The holy shrine

Posted in Books, Bourdieu, History of Photography, Media, Photography, Theory of Photography by Rollfilm on April 13, 2007

“In 1965 the group surrounding the sociologist Pierre Bourdieu identified the [photogaphic] documentation of family rituals as the ritual confirmation of the institution of the family itself, emphasizing the social function of taking photographs.” [1]

The occasions for family-photography are evolving out of its function. Photography in the family circle has to record the “good times” and special moments of a family’s biography. These are mainly weddings, birthdays, holiday trips, the kids, christmas and other parties.

The ‘classical’ way of collecting these douments was to put the family-photographs into an album. This album was limited in its public range. The access to it was strictly regulated. One needed to be an insider, an accepted member of the family itself or the close circle surrounding the family to be allowed to gaze at the family’s ‘holy shrine’.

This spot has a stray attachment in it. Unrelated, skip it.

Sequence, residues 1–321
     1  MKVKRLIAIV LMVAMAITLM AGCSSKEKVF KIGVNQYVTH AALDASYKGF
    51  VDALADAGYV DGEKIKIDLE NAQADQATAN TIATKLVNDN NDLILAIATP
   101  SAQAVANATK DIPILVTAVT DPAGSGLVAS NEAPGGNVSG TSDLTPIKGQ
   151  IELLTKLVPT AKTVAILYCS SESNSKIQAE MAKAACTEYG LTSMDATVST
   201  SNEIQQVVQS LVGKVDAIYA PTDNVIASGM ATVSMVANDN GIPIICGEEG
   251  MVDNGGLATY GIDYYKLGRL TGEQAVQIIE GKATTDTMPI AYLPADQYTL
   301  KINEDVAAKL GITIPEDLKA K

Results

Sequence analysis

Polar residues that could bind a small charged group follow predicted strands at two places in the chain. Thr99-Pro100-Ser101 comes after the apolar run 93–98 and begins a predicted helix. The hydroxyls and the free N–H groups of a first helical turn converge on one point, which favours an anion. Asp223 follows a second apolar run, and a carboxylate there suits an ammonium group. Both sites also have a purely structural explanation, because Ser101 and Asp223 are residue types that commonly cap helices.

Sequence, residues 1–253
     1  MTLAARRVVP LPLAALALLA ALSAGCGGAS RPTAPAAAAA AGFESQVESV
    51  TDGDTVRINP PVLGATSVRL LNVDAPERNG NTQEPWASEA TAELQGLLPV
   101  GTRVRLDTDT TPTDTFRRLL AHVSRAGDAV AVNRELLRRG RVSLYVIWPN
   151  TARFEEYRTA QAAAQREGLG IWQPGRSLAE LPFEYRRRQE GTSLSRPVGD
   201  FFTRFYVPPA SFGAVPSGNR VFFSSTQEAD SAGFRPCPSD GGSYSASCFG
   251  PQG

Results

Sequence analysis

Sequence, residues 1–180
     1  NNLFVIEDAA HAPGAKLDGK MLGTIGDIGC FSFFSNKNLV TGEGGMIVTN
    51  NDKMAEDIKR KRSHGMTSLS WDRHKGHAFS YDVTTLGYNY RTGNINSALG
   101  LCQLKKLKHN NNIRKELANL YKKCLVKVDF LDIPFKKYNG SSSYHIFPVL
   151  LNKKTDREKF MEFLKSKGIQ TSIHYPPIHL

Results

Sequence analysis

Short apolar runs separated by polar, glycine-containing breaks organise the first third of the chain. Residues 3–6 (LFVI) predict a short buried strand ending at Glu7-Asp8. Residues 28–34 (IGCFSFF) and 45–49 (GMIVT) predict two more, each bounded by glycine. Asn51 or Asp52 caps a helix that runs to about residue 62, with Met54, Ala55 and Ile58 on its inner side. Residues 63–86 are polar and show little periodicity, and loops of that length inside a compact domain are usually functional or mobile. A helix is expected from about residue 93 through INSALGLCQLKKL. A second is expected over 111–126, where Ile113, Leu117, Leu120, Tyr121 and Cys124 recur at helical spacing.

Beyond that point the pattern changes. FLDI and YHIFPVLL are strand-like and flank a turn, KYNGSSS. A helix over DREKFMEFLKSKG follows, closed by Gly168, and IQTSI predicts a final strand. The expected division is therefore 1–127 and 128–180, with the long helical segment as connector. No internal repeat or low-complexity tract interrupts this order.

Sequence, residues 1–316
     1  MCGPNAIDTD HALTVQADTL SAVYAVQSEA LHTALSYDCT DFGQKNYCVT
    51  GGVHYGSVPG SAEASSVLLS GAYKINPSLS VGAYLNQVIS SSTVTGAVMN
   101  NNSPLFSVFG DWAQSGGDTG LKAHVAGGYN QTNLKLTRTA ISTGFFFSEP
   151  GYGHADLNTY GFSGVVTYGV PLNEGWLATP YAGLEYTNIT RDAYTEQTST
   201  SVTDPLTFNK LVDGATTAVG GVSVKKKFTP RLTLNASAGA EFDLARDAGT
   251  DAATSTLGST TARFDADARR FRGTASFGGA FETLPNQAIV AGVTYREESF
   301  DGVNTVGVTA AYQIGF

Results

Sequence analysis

Today things are different:


  • 3.306.789 photographs tagged with wedding


  • 2.141.630 photographs tagged with family


  • 1.569.381 photographs tagged with birthday


  • 1.441.387 photographs tagged with christmas


  • 1.039.372 photographs tagged with holiday


  • 888.364 photographs tagged with baby

The ‘holy shrine’ is now public.


[1] Kathrin Peters: Instant Images: The Recording, Distribution and Consumption of Reality Predestined by Digital Photography [link]


2 Responses

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  1. Susanna said, on April 16, 2007 at 8:16 pm

    I suppose this puts the concept (suffering?) of sitting down with people and looking at the recent photo albums/slide shows of holiday/party/wedding photos into a new context, too. And who said flickr was evil? 😉

  2. Suzan said, on April 22, 2007 at 3:13 pm

    Ah, I’ve written a paper about this vernacular photography, very interesting subject I think.
    That’s why the photos of for example Ed van der Elsken were/are so groundbreaking and popular, he didn’t only show the reoccuring events, but also recorded fights and upset kids. Fascinating stuff, only enhancing the feel of voyeurism!

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